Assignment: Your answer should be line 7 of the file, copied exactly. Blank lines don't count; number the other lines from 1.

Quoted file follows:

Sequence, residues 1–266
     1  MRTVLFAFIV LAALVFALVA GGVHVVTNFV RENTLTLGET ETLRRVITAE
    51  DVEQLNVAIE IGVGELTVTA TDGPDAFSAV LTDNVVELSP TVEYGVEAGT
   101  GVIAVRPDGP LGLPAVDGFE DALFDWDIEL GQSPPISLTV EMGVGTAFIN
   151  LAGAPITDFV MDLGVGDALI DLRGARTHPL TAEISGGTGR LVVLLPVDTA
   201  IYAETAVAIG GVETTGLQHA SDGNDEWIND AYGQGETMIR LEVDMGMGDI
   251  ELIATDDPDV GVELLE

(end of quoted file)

   251  ELIATDDPDV GVELLE